The Daily Clintonian from Clinton, Indiana on September 25, 1944 · Page 1
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September 25, 1944

The Daily Clintonian from Clinton, Indiana · Page 1

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Monday, September 25, 1944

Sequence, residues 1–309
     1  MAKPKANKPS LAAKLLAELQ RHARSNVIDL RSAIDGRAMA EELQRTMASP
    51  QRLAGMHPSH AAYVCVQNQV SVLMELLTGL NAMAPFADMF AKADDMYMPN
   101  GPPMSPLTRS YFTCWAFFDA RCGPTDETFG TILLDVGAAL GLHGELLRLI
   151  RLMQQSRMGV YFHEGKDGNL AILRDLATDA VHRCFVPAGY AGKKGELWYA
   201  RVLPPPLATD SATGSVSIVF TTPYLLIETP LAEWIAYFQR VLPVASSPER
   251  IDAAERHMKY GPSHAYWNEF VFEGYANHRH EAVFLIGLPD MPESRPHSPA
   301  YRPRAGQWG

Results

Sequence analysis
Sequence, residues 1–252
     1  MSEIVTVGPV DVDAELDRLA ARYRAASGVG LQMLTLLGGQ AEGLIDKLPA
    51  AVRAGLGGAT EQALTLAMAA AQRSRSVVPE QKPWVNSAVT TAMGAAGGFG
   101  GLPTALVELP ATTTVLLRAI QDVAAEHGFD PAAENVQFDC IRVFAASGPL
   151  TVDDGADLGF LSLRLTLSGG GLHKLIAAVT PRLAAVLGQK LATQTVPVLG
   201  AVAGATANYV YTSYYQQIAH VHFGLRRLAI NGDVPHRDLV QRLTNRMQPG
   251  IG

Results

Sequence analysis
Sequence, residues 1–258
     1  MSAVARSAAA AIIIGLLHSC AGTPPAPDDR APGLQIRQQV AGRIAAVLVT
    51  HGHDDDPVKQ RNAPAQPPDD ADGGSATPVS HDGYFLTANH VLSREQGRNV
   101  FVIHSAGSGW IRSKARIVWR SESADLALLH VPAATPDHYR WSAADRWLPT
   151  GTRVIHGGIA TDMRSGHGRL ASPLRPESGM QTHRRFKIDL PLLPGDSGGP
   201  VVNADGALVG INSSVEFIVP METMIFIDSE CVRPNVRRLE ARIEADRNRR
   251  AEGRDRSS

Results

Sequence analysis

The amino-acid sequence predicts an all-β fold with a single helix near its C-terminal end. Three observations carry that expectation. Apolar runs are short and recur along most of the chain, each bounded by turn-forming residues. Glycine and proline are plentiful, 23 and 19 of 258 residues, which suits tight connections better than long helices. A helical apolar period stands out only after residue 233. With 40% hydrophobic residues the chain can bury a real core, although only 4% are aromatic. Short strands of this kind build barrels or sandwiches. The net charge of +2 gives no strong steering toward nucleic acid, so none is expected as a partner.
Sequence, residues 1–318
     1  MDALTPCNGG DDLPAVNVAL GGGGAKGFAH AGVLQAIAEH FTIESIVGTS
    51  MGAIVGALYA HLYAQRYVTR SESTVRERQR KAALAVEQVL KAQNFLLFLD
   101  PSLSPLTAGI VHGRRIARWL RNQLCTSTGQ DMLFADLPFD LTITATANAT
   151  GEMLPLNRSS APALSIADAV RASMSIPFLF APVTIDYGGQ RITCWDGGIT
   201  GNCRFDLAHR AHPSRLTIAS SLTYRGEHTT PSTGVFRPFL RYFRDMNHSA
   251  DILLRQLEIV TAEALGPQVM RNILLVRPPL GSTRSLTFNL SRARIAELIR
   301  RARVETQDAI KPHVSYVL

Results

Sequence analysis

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TH1C WEATHER Fair today and tonight. Tuesday partly cloudy. THE DAILY CLINTONIAN The Home Newspaper Of Vermillion And Parke Countief Mailed In Conformity With P. 0. D. Order No. 19687 CLINTON, INDIANA, MONDAY, SEPTEMBER 25, 1944. NEW COMMANDER OF LEGION Allies Score New Smash Across German Border: Column Nears Arnhem Troops; US Carrier Attack Hits Manila Soviets Storm Into Czechoslovak QoIta RalHclv Vital Ftfnnian l "- o;4-acn iraDueu onnmur n.,D,Un irnnm have crossed the Carp: MVJBlyWVV llou into Czechoslovakia and have brcacnea cording to unofficial sources in Moscow muoy. The Reds are "well inside" Slovakia after routing a German garrison at a border town, these infarmants said, while the Hungarian crossing was made near Arad. Tho romilar Soviet communique announced seizure of the Estonian r r TY r jrs 1 EDWARD SEIBERUNO, left, with raised handj of Albany, N. Y., receives the ovation given him by delegates at the 26th national American Legion convention in Chicago after they had elected him national commander. At the right is the ex-commander. Warren Atherton of California. - (International) Army-Navy Pearl Harbor Probes Near End; Demand "Full Publicity" Volume 32 Number 185. Dewey Readies Fighting Speech In Oklahoma Hot Campaign In Sight As FDR Serves Notice Of Slam-Bang Drive; Dewey Rewrites Monday Address OKLAHOMA CITY, Okla. Governor Thomas E. Dewey today accused President Roosevelt of descending. In his Saturday night speech, to the level of "mudslinglng and epithets" and promised to answer the latter's charges of "fraud and falsehood" point by point in his Oklahoma City talk tonight. Gov. Dewey, greeted by a crowd of 6.000 persons when he arrived in Oklahoma City this morning after the long ride from Los Angeles, revealed that leaders of the California Democrats-for-Dewcy told him he probably would get between 35 and 40 per cent of the registered Democratic vote In California, where Democratic registration is twice as large as Republican registration. ABOARD DEWEY CAMPAIGN TRAIN EN ROUTE OKLAHOMA CITY. Gov. Thomas E. Dewey, stung to a fighting pitch by President Roosevelt's charge that he has employed Hltleresque methods In hlo campaign, heads Into Oklahoma City today for what promises to be the most fiery Bpeech of his public career. Destroys Original Speech As the Republican presidential nominee rode across New Mexico and Texas last night, he ripped Into shreds his tentative Oklahoma City speech, seventh and last of his 6,-700 mile tour, and wrote instead a talk which tears Into the Roosevelt record. . The Tlewev who issued a state ment yesterday that hereafter no punches will be pulled against an ArivArHarv who "has sunk to mere adversary wno nas sunn iu wnc quoting from 'Meln Kampf and to ! charges of 'fraud and 'falsehood was reminiscent of the hard-hitting prosecutor who fought his way to national fame by his "racket-busting" exploits. Opponent Has No Program "In six speeohes since the opening of this campaign," he said, "I have started to show the course I believe, our country should take In the critical yearB ahead of us. My opponent, In his speech last night,. Indicated that he has no program and has sunk to mere quoting from 'Meln Kampf and to charges of 'fraud' and 'falsehood.' "It Is now more clear than ever that four times as President is too I Continue on page ) Hull Attempts To Quiet Rumor Of Split in Cabinet ... . n c ,.. WAMiinuiun, u. v.. owiciai j of State Hull attempted today to qui-i et the persistent rumors of a seri-'. ous split In the cabinet committee dealing with post-war Germany rumors which represent him as being at serious variance with Secretary of Rl serious varmuue wim Dcweim ui Treasury Morgenthau and his plan , i Withering Blistering U. S. Carrier Attack Again Hits Japs Hajsey's Fleet Ends Jap Naval Strength in Manila Area; Claim 405 Planes, 105 Ships, Sink Convoy prari, HARBOR. Hawaii. - Continuing to lash enemy shipping and positions In the Philliplnes, American Carrier-based aircraft hit Jap sea and air power with avenging rury in a two-nay "" "i" 21, leaving behind the smoking ruins of another 405 enemy planes J A -mi oaA nnif 10! ahfnft rnrv in a twn-riav assault bene, destroyed or damaged and 105 ships an. ik. nr damaecd. Including two floating drydeeks. 1 The latest' carrier strike against the former United Btates possession was announced in a special communique from Pacific fleet headquarters. Destroy 13-Ship Convoy At tho aame lime, a later-bulletin disclosed the complete destruction of a 13-barge, troop-laden convoy Dy our warships In the waters around Peloliu Island. Targets of the shattering new blows hy Admiral William F. Hal-sey'a Third Fleet were Clark and Nichols airfields near Manila, and at Cavite Naval Base In Manila harbor, once America's strongest naval base in Asiatic waters. Dniiiasn Huimlr Ienot i I in addition to terrific ; losses to Jap shipping and aircraft, the communique said the fleet striking force did "extensive and widesproaa aam-age to buildings, railway equipment, warehouses, oil storage! tanks, harbor installations, hangars, shops and stored supplies, ' ' " Cost to the Third Fleet assault forces In the "daring and highly successful strike" was reported to be 11 planes, 10 pilots and live air crewmen. There were no losses a- mong U. S. warships supporting the new attack. 17-Dy Attack " ' These losses were considered neg ligible In ratio to the huge chunk torn out of Jap strength in tne woatern Pacific area since the Third Fleet commenced operations Sept. 8. The Third Fleet s revieeo. uo-'umrd in nnemv shins and planes de stroyed or damaged, now stands at: 122 Bhips and 61 smaller cratt sunk; 137 ships and 109 smaller crait damaged; 380 planes shot from the air wltn 598 destroyed on the ground. Island Conununirations Cut Off Possibly even more important than the actual battle losses of the annmv la hia Iors of former anchor ages in the Philippines and his forced withdrawal to a safer refuge for his hoarded fleet. In addition, his communications in the 7.000 island archipelago have been seriously dis rupted, and more important, nis air-force in the Philippines has been (Contlnuea on Pas 1) Rationing Board To Be . .! Closed All Day Wednesday Mrs. Lucy Doolin, chief clerk of the Vermillion County Rationing Board announced today that the rationing offices will be closed all day Wednesday In order to Issue truck gasoline coupons. Tnis is neeessary because of the heavy clerical work and the late arrival of books, she said. All books except fleet gasoline will bo mailed. Those who operate fleets are asked to call at the office Friday, Mrs. Doolin stated. La Guardia to Take Price Three Cents. i x Troops " i m . j . 1 1 I 1 17 Airnorne rorce Stepup Supplies, Aid To Columns Battling Off Nazi Inside Arnhem; New Drive Hits Reichswald Forest SUPREME HEADQUARTERS, Allied Expeditionary Force. Allied troops seeking to put a Bpeedy end to the virtual stalemate in Holland ripped across the German border In a new sector near the Reichswald Forest today and a British column pushed closer to consolidation with airborne units on the north bank of the Lek river at Arnhem. Reinforcements Mounting Llnnrfnllnpara r.t flan llparlnnnrters Of Gen. Dwlght D. Blscnhower gave fe waddltlonal details of the Situation at Arnhem, but battlefront dispatches indicated that growing numbers of British troops had come into contact with the hard-pressed glider and paratroop forces battling steadfastly against heavy German armored attacks. A step-up in the amount of supplies dropped from the air to the airborne units at Arnhem is now believed to be ossible and an early end to the crisis in that sector Is hoped for. Except for the new thrust Into Germany at the Reichswald, .principal development of the day was Am-irican capture of Epinal in central France on the road to the Belfort Gap. Headquarters announced that inpo n-Dav. the American First Ar- 1 my has buried 14,142 German dead I while the Third Army of Lieut. Qen. George S. Patton, Jr., has disposed ! of 28.100 enemy corpses. . r j Vast Aerial Action , I" lllHie.WIU U VUCM. urn (al activity during the day, with more than 1,200 Fortresses and Llb- onlnra drnnniiil' huge loads .of bombs on German Industrial cities. wniie aeu otner uumuci wmi""m craft plastered Calais with 1.000 ,,, hnmbi In "well-concentrat- ed : attacks.". (Cbntlnuen on pax ) v'-: Eisenhower Calls 11 1 For Rebellion Of Nazi Slave Labor NEW YORK, N. Y. A spokesman for General Dwlght D. Elsenhower today called upon foreign workers inside Germany for "immediate action" ann nrnmised thev Would he supplied at once with "instruments" for active resistance. . ''The hour for action has come" spokesman, which was broadcast byi the British Broadcasting Corporation. ' ' ' ' "The hour for aetion has com;' 'Note carefully the following In-' structions: .- I The organized cells of foreign workers within the Reich will take Immediate action according to -the ore-arranged plan. Members of or ("ganized cells will refrain from 'all unorganized resistance and useleis provocation of the Gestapo. They will obey the orders of their leaders precisely. "Foreign workers who are not members of organized cells and who have not already carried out my In structions to go Into hiding In the towns or - preferably on tne land, will do so at once. "I have already warned them that they are In gravest danger If they remain in the factories. Their safest course is to disappear from the towns and cities and to seek shelter and employment on the land. "In certain areas or Germany nrkpra of the organized cells are today being provided with means for active resistance. These Instruments will not be effective if they are used thoughtlessly or without purpose. Those of you who find them should immediately read the instructions that are provided and memorize them. Then destroy the instructions. Hide the instruments In a safe place. Determine carefully where and how the instruments can be used most effectively. Work out your plan of action. After your plan is complete in every detail and only then put the Instruments to the use for which they are designed. ' Hear in minu, wniie oeciuius uh your plans, that foodstuffs and crops in Germany will be needed after the defeat of Hitler. "Act wisely. Do not underrate the power of the Gestapo. However, remember that today the Gestapo stands in fear of 12.000.000 foreign workers who. by acting now. can seal the fate of the Third Reich." - patniai "issP" ler of II V tne pre-war uoiu Third Army Advance at Stalemate for Moment; Beat Off Counterblows WITH THE AMERICAN THIRD ARMY. Bad weather continued to hang like Old Man Winter on the Third Army front today, slowing activity, but with the French rnrinir a two-mile advance In the sector five miles north of Baccarat Heavy American artillery still is nn cl,r.lla nfr the Met.Z fortS hnnnill? shells off the Metz forts and elsewhere the Germans are lick ing wounds from a series oi iutne counter-attacks, repulsed In each case with the heaviest Iosbcs, which particularly were costly in aamage to German armor. The great daily advance strides through France have ended momentarily and now it is a tug-of-war to decide whether the war can be stalemated Into winter. Lieut. Gen. George b. ration. however, Is compelling the Weiir- macht to pay dearly tor Its stanuup (Continued on page t Fifth Army Rolls Past West Flank Of Gothic Line Clark's Men Beat Fierce Nazi Resistance to Make Gains in North Advance ROME. Italy. Fifth Army bat- tlers of Lieut. Gen. Mark W.' Clark smashed savagely through stubborn nsi.n,an riefpnses today to widen uerman ueient.-B iuuoj w their gap In the center of the Gothic una inn seize Dositioiis marsing the farthest Allied advance to tne north in Italy. "' ' ' "' Battle Fierce Resistance 1 Beating back fierce resistance,1 the Fifth Army units fought over mountain roads and trails, over sheer rocks and ledges to gain ad 'ance footholds below Castel Del It ind Roco. ' Brazilian troops of the Fifth Army participated In the action, making some gains against the enemy. In the center of the Cothlc Line. Lt. Gen. Mark W. Clark's battlers slashed ahead in the vital Futa Pass region, and farther to the cast British and Indian units of the Fifth Army scored important gaius. Drive In Adriatic Area On the Adriatic flank of the line, where Eighth Army fighters stormed past captured Rimini to slice up the Po valley In a drive to cut off German units at the Gothic Line, heavv fighting developed as Nazi Marshal KcsseJring's men fought desperatedly to' srave off complete (Continues tio page l , Clinton Boys To Collect All Scrap Paper Thursday Members of Clinton's Boy Scout troops and boys of the Sacred Heart School will be dismisFcd Thursday Sept. 28 to collrct scrap paper lor the drive which Is to start at a a. that dav. Lee Hain announced today Residents who have paper to do nate to the drive are asked to havt the papers tied in bundles and placed on the curb in front of the houses. Mr. Hain said. Trucks will cover all streets In Clinlon as well as In Fairview during the scrap paper collection campaign. Clarence Harrison Rites Arc Held Monday Afternoon Funeral services for Clarence A. "Zeke" Harrison. 68, 4 21 Wabash Avenue, Clinton city councilman, were held at 2 p. m. Monday at the Frist Funeral Home. Rev. C. C. Jordan officiated and burial was in Iloselawn cemetery. Mr. Harrison died at the Vermillion County Hospital Friday morning following an illness of seven months. He was councilman representing the Fourth Ward, a member of the Board of Public Works and Safety. Past Master of the Jerusalem Chapter Number 99 F. and A. M. and was a member of the Vermillion County Past Master's Association. All business firms remained closed from 2 to 3 p. m. paying tribute to Mr. Harrison. j naval base at Baltisky, an Important Nazi stronghold on a promontory where the Gulf of Finland and the Baltic Sea meet. Marines Htorm Port Soviet Marines and warships. Joining In the Baltic offensive, which already has trapped thousands of Germans In upper Estonia and-Latvla, stormed the port In an' amphibious operation. BaltisKy: is tne terminus of the raiWay west from recently captured Talllnlnn. 'i i -V- , I- rt II .1.11 lt.ri.l. trvorna Upwards of 650 additional towns and villages fell to the Russians, who for days' have- been sweeping through the Baltic Btates at a: rate of some two miles an hour. 1 I Free 2T0 Town " ' ' ' Some 250 of these communities were liberated east of Riga. The oth er 400 were southeast and west of Tallinn and above and below Val- miera. North of Valmlera the railway lunctinns of Rujiena and Smil- tene. Inside Latvia Just below the Estonian border, were overcome. Control of Baltisky puts the Rus sians in an advantageous position for smashing seaward evacuation efforts by any German troops trying to get out of soutnern sinianu. Report Heavy Finn Battle ' (In this connection, a 'louyo radio broadcast said heavy Nazi reinforcements were arriving In the Pet-samo area of Finland,' while an official Finnish communique, broadcast from Helsinki, said heavy fighting between Finnish and Nazi troops was under way In central Finland. The Germans were reported slowing down the Finnish advance by mining roads and bridges.) , The Soviet communique made no mention of the fighting for Warsaw. capital of Poland, where Russian spearheads have been reported working with Polish patriots. (According to enemy sources, an all-out Soviet attack on the city is in the making.) 4 Continue on pajte 5) War Games Crash Kills 12 Members Of Airborne Crew CAMP MACKALL, N. C. Twelve airborne troops were dead today after a C-47 transport plane crashed in flames at flaDlD Mackall. N. C, last night during an airborne divi- ai.n' North Carolina war games. The troops which Included four troop carrier command plane crew members and eight parachutists, went down to their flaming death In a corn field before the horrified view if son hich ranking army offi cers and newsmen attending the maneuver. Names of the dead were withheld until the next of kin have been notified. ' Camp Mackall public relations office also disclosed that 30 other airborne troops including glider and paratroop units were treated for injuries during the operations last night. Spectators saw the plane flying in formation as sister ships discharged clusters of parachutists in the twilight operation. Within seconds the plane swirled Into a spin and crashed Into the corn field. Many in the crowd thought the death object was a gasoline saturated flare as It burst Into flames. Over Direction n'rtwver Is to have re ported that severe shortages of food and clothing threaten the population in liberated areas and made specific recommendations for providing more food. - Improving transportation and for relaxing military rule In these zoneB. Revelation of the plan to send La Guardia to Italy recalled the fact that he had desired such a post for a long time. It was revealed that La Guardia's new post carries the rank of brigadier general, and will require senate confirmation. Civil, Military Conflict Conflict between American civil and military authorities apparently has developed over more than one issue in the Italian situation. A report of the Allied control commission has declared: "The main problem in- the newly liberated areas is in the preperva I (Continued On Page 5) for "tough treatment of Germany . io mm luuajr. after the war. "We'll be able to determine from Hull told the press today that It the orders the scope of the investi-.... -..u t..- f thou. riia. ' cation." he explained, "and just WASHINGTON, D. C. Sen. ur l.V.riniaon (R Mich., disclos ed today that he will demand "full publicity" when the Army-navy investigation of the Pearl Harbor disaster is completed. "I understand that they will be through in a couple weeks," Ferguson said. Scpcrute Probes Underway Separate Investigations nave un underway by the War and Navy ue underway ny me war auu partmcnls for the past two months j ...tih a rnanllltinn I in nordaiicn with a resolution . . sponsored by Ferguson and approved hv rnncress on June 7. Ferguson said lie wouia not ue satisfied with merely the conclusions reached by the Navy and Army Doard of Inquiries, but would Insist that the findings on Rear Admiral Husband E. Klmmel and Maj. Gen. Walter O. Short, Pearl Harber commanders at the time of tho Jap attack Dec. 7, 1941, be also made public. "What's the use of having an investigation If all you get are the conclusions?" lie asked. "The complete findings should be made public. I want to soe them myself and whatever I am entitled to see, the people are." Draws Own Conclusion "The American public Is great at drawing its own conclusions," he added., . . Ferguson said the Congression resolution did not specifically direct that the findings be made public or a report be made to Congress. Con- .nn,.nntl l,n strinM tin lia asked ocmuoi,, . the War and Navy Departments to supply him with copies of the of- ticial orders under which the boards of inquiry are operating. To Receive Orders He had been assured, he stated. - ' that they would be made available what thpv rover "I presume that when the boards (Contlnuea on page ft) Family Killed In Train-Car Crash Near South Bend in INDIANAPOLIS, Ind. An accident which wiped out an entire family, enroute to church, accounted for three of the deaths attributed to highway tragedies in Indiana this week end. Mr. and Mrs. Sylvester Kintz, each 40. of Granger, and their foster son. Thomas Epperson, six., were kfllf.il when r rhicn'o-bound Grand Trunk passenger train struck their car at a South Bi nd crosmng as tney were on I heir way to Mass. Double funeral services were to ! held today for Thomas William Jones. 18. a Kushville high school aoninr and his 17-vear-old brother. James, who died as a result of in juries received in an automobile wreck near New Castle. The two boys, sons of Mr. and Mrs. Harry Jones, were returning from Greenfield, where they had delivered a state hlehway department report for their father, who was ill, when their car struck a parked trucn. Lee Beard. Jr.. who was riding with the two brothers, was reported as rprnverinir. The crash of an eastbound Penn- svivama raurona ireigni irain wnu a nassenger train in the Richmond station temporarily tied up traffic but no one was injured. Four freight 'cars were derailed. The passenger train was being made up at the time the freight crashed int oits rear end. Eleven-year-old Guy Henry Mis- nor nf npar Fort Wavnc was killed - when a car struck him as he walked along r. S. Highway 3.1 near its in- ,tersection with V. S. 30, New Outbreak of Old North Indiana-Chicago Gambling War Feared MICHIUAN Lin i, . itles feared today the revival of a I gambling war in northern Indiana and the Chicagoland area of 1111- .. ... .1. il.n nmhiinh! nois as iney buusih 1 slayers of Harry Solomon Akchvoun, . . Til .nnnlpd hndVGfUard 4S, OI JOHl, ll'-i for George Nahas, 44. Gunmen Wait hi House Akchevoun was shot to death and Nahas was wounded in the hand by three masked gunmen lying in wait for them when they and Nahas' wife, Jean, returned to Nahas' home before dawn yesterday. ' Mrs. KahaB, who had preceded the two .men to the kitchen door through which they were enierm the house, screamed and threw her-. i,n finnr when she saw the OUll 1U l., . three figures as she switched on the lights. . oomn instant, the gunmen opened fire, hitting Akchevoun three times and Nalias once, rmms their victims the slayers ran to wreu (Continued oo Page II John W. Thompson Dies From Heart Attack, Exposure A heart attack complicated by exposure to the night air was believed to be the cause of the death of John W Thompson. 75. Universal, who died in the Vermillion County Hospital at 3:38 a. m. Sunday. Mr. Thompson was believed to have suffered a heart attack sometime Friday. He had left home early Friday morning and on his failure to return Friday night. Mrs. Thompson notified authorities. CKy, state and auxiliary police searched the countryside Friday night and found Mr. Thompson under a bridge in Gin Creek Saturday morning. He was then taken to the hospital where he later died. He Is survived by the widow, Delilah; ' one daughter, Mrs; Pearl Black, Clinton; three granddaughters. Hazel Uiiughn. Clinton; Letha Cottard, Torre Haute and Dorothy Ferguson, route one, Paris. III.; two brothers. George. Oklahoma and Gene. Kentucky; four half-brothers. Leonard Thompson, Indianapolis. Charles. Edward and Erlu, all of Kentucky; two half-sisters, Lizzie and Elzadia, both of Kentucky and three great-grandchildren. John William Ferguson. Itichard Gottard and Kathleen floltard. The body, removed to the Frist Funeral Home, will be taken to the residence Monday and returned to the funeral home Tuesday. Services will be conducted at the funeral home at 1:30 p. m. Tuesday with Itev. llay Crawl officiating. Burial will be In Riverside cemetery. Paris Resident Dies At Home of Niece in Clinton Funeral services for Mrs. Indiann Westbrook, 73, route four, Paris. III., were held at 2:30 p. m. today at the Paris Methodist Church. Burial was in the Edgar Cemetery at Paris. Mrs. Westbrook died at the home of her niece. Mrs. Bob Barbee, 1150 South Fourth Street. Clinton, at 5:30 p. m. Friday, following an illness of two weeks. She is a member of the O. E. S. Chapter No. 7 of Paris and the New-Hope Methodist Church of Paris. hha ia snrvit'oH hv nne Haitehter Mrs. Owen Elledge, near Paris; one grandson. Harold, two sisters. Mrs. F. L. Cooke. Indianapolis and Mrs. L. M. Blain. Clinton and several ; nieces and nephews. Of Civilian Problems in Free Italy . i i ...i , revealed cusslons before disclosing their nat ure or possible differences in the cabinet under subject. He 'brought into his news conference a prepared statement which he read, 10 the press and then made a-vailabk! for direct quotation. It said: "The 'whole question of dealing with the post-war German situation has .been recetvins attention by each of the governments moBt interested, ! xnii that Includes this government. and the State Department. It would serve no purpose to say more at this time, except that the higher officials of the governments concerned will reach mutual understanding. I hope, at an early stage. It Is very necessary that we wait until we know the true conclusions they reach." Observers noted that this statement did not deny the existence of a controversy between him and Mor-ganthau It merely asked that public discussion be withheld. Turning to the question of Sweden having closed ports to German shipping. Hull said Sweden has taken a very long step by her recent action. We note it, he said, with gratification. Hull Indicated, however, that Sweden's trade with Germany has not been completely stopped. But he described this remaining trade as minor, and said the United States will keep an eye of it, to find out its exact nature and extent. M. . Nephew Of former Llinton Publisher Killed in Crash Mr Harriet R. Pierce, of Craw- , fnrdavllle. a former Clinton resident. iw tn Woatei-n KnrinffL 111. ! last week by the death of her neph-! ew. Billy Kane. His death occurred last week in an airplane crash In : r - , ivaiiMs. - : Funeral services were held Sat- urday and the body was brought to Crawlordsville for burial. ' WASHINGTON. D. C. Mayor Florello La Guardia of New York, it was learned today, has been selected by President Roosevelt to take over the direction of civilian problems in the libteratcd areas of Italy. According to Washington officials, this decision was reached by President Roosevelt at his recent Quebec conference with British Prime Minister Winston Churchill. The President disclosed last week that he and the Prime Minister had discussed the Italian problem at their meeting and had determined to see to it that the Italian people do not Btarve or freeze during the coming winter. Urgency of the problems In Italy were brought into the conference by a report by Brig. Gen. William O -Dwyer, American member of the Al-li.i1 control mission for Italy, who conferred with Mr. Roosevelt before he left for Quebec.